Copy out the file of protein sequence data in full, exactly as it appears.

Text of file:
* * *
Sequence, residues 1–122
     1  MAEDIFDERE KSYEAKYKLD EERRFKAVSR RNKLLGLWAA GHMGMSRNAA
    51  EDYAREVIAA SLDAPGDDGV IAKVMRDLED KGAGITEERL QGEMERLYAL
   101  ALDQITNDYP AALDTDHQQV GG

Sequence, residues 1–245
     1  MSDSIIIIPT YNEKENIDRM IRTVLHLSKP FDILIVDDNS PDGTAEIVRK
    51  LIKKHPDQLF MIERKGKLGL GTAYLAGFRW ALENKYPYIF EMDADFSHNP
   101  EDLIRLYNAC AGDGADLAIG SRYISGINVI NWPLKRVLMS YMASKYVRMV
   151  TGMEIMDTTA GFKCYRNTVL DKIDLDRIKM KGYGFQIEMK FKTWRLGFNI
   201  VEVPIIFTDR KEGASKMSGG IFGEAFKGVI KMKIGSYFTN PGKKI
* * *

Sequence, residues 1–122
     1  MAEDIFDERE KSYEAKYKLD EERRFKAVSR RNKLLGLWAA GHMGMSRNAA
    51  EDYAREVIAA SLDAPGDDGV IAKVMRDLED KGAGITEERL QGEMERLYAL
   101  ALDQITNDYP AALDTDHQQV GG

Sequence, residues 1–245
     1  MSDSIIIIPT YNEKENIDRM IRTVLHLSKP FDILIVDDNS PDGTAEIVRK
    51  LIKKHPDQLF MIERKGKLGL GTAYLAGFRW ALENKYPYIF EMDADFSHNP
   101  EDLIRLYNAC AGDGADLAIG SRYISGINVI NWPLKRVLMS YMASKYVRMV
   151  TGMEIMDTTA GFKCYRNTVL DKIDLDRIKM KGYGFQIEMK FKTWRLGFNI
   201  VEVPIIFTDR KEGASKMSGG IFGEAFKGVI KMKIGSYFTN PGKKI